A pound coin floats in mercury due to the buoyant force upon it.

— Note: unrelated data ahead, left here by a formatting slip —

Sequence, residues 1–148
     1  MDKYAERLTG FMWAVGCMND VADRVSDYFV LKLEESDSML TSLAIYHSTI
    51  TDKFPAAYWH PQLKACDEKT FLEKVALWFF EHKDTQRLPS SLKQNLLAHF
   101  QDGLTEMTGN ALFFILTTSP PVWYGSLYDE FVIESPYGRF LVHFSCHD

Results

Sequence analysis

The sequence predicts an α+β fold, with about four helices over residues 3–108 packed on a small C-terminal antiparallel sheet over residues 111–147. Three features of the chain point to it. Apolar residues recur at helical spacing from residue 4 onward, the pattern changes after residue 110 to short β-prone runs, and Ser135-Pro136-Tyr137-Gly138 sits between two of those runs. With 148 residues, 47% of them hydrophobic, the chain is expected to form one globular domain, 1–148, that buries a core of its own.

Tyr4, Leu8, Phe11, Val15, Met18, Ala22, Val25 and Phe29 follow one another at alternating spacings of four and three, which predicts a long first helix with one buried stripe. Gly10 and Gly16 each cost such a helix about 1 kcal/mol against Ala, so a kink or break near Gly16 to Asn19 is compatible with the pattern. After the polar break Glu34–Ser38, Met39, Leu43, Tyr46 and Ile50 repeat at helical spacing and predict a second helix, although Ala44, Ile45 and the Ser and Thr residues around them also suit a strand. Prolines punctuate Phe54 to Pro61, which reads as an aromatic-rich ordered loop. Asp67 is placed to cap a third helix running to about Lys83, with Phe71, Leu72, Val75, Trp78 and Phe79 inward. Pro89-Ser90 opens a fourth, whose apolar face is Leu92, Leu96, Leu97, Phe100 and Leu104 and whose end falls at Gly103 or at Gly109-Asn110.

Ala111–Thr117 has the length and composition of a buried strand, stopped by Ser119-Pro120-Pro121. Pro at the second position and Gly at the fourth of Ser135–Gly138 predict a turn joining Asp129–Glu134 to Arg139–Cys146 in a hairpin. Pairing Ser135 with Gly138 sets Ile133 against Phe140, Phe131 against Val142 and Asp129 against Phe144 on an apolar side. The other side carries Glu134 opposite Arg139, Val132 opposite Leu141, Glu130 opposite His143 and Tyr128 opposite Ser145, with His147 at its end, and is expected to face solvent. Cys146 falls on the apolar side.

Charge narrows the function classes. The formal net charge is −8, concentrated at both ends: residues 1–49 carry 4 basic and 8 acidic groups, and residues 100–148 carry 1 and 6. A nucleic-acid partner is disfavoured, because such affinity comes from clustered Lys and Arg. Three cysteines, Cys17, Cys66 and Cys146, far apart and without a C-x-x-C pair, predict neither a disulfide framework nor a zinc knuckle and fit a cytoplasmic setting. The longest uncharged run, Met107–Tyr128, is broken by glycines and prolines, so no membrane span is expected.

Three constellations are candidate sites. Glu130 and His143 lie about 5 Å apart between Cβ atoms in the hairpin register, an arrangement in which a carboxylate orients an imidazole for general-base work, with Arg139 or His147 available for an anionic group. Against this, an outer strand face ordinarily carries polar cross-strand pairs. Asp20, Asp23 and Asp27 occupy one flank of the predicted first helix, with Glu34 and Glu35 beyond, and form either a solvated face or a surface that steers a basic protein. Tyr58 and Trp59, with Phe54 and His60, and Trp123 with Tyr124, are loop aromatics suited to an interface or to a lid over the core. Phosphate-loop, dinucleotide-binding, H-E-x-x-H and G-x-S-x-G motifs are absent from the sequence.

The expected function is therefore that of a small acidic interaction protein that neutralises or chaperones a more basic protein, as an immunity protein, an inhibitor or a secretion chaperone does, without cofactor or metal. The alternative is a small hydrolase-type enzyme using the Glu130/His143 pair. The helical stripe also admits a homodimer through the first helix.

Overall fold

If the weight of an object is less than the weight of the displaced fluid when fully submerged, then the object has an average density that is less than the fluid and has a buoyancy that is greater than its own weight. If the fluid has a surface, such as water in a lake or the sea, the object will float at a level where it displaces the same weight of fluid as the weight of the object. If the object is immersed in the fluid, such as a submerged submarine or air in a balloon, it will tend to rise. If the object has exactly the same density as the fluid, then its buoyancy equals its weight. It will remain submerged in the fluid, but it will neither sink nor float. An object with a higher average density than the fluid has less buoyancy than weight and it will sink. A ship will float even though it may be made of steel (which is much denser than water), because it encloses a volume of air (which is much less dense than water), and the resulting shape has an average density less than that of the water.